The timing couldn’t have been better. As scientists began a conference here to plan a new observatory for a huge offshore volcano, the mountain shook with the most powerful eruption ever recorded at the underwater peak.
“This is great,” said a jubilant Chris Fox, a geologist for the National Oceanographic and Atmospheric Administration who has been tracking the thousands of earthquakes tallied since the volcano awoke Saturday night.
The research into seismology, geology, chemistry and the strange organisms that live on and beneath the mountain and the mysterious undersea Juan de Fuca Ridge “will keep us busy for years,” he said Wednesday.
The volcano, whose peak is nearly 4,000 feet below the Pacific Ocean’s surface, poses no danger to the public, Fox said. Rather, he and other researchers say, its eruption could shed light on subjects as diverse as the origin of life, new genetic compounds and whether life might be possible on Jupiter’s moons.
Although no one has seen the eruption yet, Fox and other researchers say it’s likely that rivers of red-hot lava are flowing out of the volcano, called Axial Seamount, along with giant plumes of scalding, mineral-rich water carrying microbes that thrive beneath the ocean floor. It’s possible the eruption could last weeks or longer.
“Just based on the number of earthquakes, quite a volume of lava is moving,” Fox said.
Late Saturday, three small earthquakes were recorded at Axial, which rises nearly a mile off the ocean floor about 300 miles west of Cannon Beach, Ore. That was nothing unusual, said Fox, at NOAA’s Pacific Marine Environmental Laboratory at Newport Beach, Ore., but the magnitude 4.5 quake at the mountain at noon Sunday was.
That quake and two more, measuring 4.5 and 4.7, were strong enough to be felt by landbased seismometers from California to Canada’s Vancouver Island. Along with smaller quakes that have been measured at a rate of nearly 100 an hour since Sunday, they indicate a huge flow within Axial’s crater, Fox said.
On Monday, a conference opened at NOAA’s regional center here to discuss summer explorations at Axial, including the creation of the New Millennium Observatory, or NEMO, a permanent underwater network of sensors at the site.
Word of the eruption quickly dominated the meeting by 30 researchers, said Steve Hammond, director of NOAA’s ocean vents program.
“I think everybody was extremely excited … it’s an amazing thing when an eruption goes off,” Hammond said. “When an eruption goes off in the deep ocean, it’s an environment that’s so strange to us in many regards, it immediately conjures up discovery.”
Although the summer research will go on, the scientists are scrambling to get to the volcano as soon as possible. Fox said the Oregon State University research ship Wecoma, which is returning to Newport from a research trip off the Northern California coast, will probably be sent to the mountain in early February in an expedition sponsored by NOAA and the National Science Foundation.
Unlike Mount St. Helens, which devastated hundreds of square miles with its 1980 explosion, Axial is more likely oozing lava similar to volcanoes on Hawaii. Indeed, Hammond said, the undersea mountains along the Juan de Fuca Ridge in some ways resemble the Hawaiian Islands, which are volcanoes that grew from the ocean floor to eventually break the surface.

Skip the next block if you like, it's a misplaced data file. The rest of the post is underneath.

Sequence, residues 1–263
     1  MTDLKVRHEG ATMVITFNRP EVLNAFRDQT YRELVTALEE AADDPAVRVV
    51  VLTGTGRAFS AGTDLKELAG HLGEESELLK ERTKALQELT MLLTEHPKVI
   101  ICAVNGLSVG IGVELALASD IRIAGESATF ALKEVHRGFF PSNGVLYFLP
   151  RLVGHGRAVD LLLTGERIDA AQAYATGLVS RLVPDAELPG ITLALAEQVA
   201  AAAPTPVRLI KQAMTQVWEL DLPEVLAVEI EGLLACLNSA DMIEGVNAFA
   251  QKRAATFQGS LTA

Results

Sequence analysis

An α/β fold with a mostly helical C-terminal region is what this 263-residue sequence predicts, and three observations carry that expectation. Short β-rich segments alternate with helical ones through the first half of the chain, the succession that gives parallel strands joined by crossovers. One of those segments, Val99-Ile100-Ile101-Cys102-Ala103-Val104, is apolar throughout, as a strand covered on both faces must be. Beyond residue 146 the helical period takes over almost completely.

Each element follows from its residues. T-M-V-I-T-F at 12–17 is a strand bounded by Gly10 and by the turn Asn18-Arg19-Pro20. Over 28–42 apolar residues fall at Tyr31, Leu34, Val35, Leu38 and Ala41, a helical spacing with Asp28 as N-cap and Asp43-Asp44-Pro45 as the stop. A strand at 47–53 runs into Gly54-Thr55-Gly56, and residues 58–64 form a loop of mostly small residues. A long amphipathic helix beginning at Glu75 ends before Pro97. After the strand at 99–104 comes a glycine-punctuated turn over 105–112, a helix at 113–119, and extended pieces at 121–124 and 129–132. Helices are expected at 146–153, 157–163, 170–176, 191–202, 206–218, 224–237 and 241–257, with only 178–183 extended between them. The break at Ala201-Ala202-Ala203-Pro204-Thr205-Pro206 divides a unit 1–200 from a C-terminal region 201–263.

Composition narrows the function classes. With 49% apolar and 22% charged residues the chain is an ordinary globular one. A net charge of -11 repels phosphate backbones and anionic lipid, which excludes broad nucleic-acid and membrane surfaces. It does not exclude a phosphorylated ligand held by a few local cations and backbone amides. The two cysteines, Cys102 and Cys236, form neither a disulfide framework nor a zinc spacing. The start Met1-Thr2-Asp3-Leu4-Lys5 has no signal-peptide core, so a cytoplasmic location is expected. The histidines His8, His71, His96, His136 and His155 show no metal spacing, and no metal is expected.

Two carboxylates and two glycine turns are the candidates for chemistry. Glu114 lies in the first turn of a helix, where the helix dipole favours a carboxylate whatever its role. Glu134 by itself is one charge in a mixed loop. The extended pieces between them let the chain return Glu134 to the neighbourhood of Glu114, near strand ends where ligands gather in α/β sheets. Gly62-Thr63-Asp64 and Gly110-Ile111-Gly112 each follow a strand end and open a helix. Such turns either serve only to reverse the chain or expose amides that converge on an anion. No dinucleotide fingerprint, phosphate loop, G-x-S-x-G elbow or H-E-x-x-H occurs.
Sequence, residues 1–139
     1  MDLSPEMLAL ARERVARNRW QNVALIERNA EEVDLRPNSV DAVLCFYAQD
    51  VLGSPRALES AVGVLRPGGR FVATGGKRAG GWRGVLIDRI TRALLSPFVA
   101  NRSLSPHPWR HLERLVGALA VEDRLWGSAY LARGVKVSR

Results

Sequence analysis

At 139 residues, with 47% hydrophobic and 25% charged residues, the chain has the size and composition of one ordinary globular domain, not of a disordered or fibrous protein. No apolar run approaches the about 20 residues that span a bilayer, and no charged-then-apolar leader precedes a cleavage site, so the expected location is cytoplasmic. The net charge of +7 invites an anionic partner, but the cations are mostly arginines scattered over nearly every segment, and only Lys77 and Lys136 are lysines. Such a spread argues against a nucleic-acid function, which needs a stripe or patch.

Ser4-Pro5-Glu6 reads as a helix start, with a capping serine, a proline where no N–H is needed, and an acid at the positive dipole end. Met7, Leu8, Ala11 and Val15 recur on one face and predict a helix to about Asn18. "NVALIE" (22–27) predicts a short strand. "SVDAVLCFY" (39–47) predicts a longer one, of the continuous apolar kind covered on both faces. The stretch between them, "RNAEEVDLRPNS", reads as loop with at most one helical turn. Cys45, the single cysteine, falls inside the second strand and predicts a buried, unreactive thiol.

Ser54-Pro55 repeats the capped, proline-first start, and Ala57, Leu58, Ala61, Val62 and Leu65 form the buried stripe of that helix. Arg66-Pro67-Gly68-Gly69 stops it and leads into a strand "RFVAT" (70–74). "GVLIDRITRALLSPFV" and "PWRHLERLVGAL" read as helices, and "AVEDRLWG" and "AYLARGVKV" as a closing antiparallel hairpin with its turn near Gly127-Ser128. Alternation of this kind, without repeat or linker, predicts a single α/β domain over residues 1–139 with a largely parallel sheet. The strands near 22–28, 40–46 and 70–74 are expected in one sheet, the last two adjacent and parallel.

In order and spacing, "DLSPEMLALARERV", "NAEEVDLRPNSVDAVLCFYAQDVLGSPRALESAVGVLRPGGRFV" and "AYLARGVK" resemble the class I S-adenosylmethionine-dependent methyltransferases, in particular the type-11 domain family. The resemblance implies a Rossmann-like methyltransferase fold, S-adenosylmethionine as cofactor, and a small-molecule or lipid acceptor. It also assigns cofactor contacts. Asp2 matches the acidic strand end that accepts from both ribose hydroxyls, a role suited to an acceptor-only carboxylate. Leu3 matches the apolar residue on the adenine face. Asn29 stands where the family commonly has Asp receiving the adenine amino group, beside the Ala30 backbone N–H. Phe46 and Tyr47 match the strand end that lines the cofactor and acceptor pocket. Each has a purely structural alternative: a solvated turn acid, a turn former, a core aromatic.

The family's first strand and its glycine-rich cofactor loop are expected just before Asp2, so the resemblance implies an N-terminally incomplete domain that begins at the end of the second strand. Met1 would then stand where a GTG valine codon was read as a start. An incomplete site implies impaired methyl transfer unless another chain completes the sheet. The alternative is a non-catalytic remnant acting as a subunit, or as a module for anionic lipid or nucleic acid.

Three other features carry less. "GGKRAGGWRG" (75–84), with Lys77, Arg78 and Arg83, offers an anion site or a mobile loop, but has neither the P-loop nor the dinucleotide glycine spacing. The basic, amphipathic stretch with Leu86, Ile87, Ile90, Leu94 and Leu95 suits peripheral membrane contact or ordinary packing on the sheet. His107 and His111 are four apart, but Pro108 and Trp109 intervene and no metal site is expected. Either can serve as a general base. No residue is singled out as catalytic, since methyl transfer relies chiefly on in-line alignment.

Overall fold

Axial, a relatively young volcano at 500,000 to 750,000 years old, rises about 4,500 feet from the ocean floor, which is about 8,250 feet deep at that point.
“It’s the youngest volcano in a whole chain of volcanoes that stretch out to the northwest,” Hammond said.
The Juan de Fuca Ridge, which runs north and south about 400 miles, is part of a zigzagging breach in the ocean floor where two of the plates that form the Earth’s crust are spreading apart. Since its initial mapping in the 1970s and ‘80s, scientists have found numerous signs of seismic activity, including other eruptions.
Researchers have extensively studied the ridge, including eruptions observed in 1993 and 1996, and have some monitors in place at Axial, Fox said. The scientists also listen for activity in the area with help from the Navy’s top-secret acoustic surveillance system, installed to search for enemy submarines.
“It’s an area we know extremely well,” Hammond said. “We’re going to be very, very anxious to see what sort of changes occur.”
Studying the ridge has helped reveal how the Earth’s crust is formed. It also has led to the discovery of strange organisms, including clams, worms and crabs, that thrive in high temperatures and pressures and are part of a food chain based on bacteria in the volcanic vents.
The 1993 eruption disclosed the presence of an entire ecosystem of primitive bacteria and viruses in the volcanic rock of the sea floor, where they live on hydrogen sulfide gas associated with volcanic activity.
When there is a hydrothermal event, they reproduce very rapidly and are blasted upward throughout the water column - one reason scientists want to get to the volcano as soon as possible, Fox said.
Some scientists think that such underwater vents might be the source of life on the planet, and that the bacteria could contain genes a billion years old. Studying those organisms not only might illuminate how life arose on Earth, but could describe scenarios where life might exist in hostile environments elsewhere in the solar system, including Jupiter’s moons, Fox said.
On a more practical level, he said, the bacteria’s genetic material is of great interest to biomedical and other research companies who hope it can be used to produce new products.
MEMO: This sidebar appeared with the story: CLICK FOR INFORMATION Information on the eruption is available at the Pacific Marine Environmental Laboratory’s Web site at www.pmel.noaa.gov
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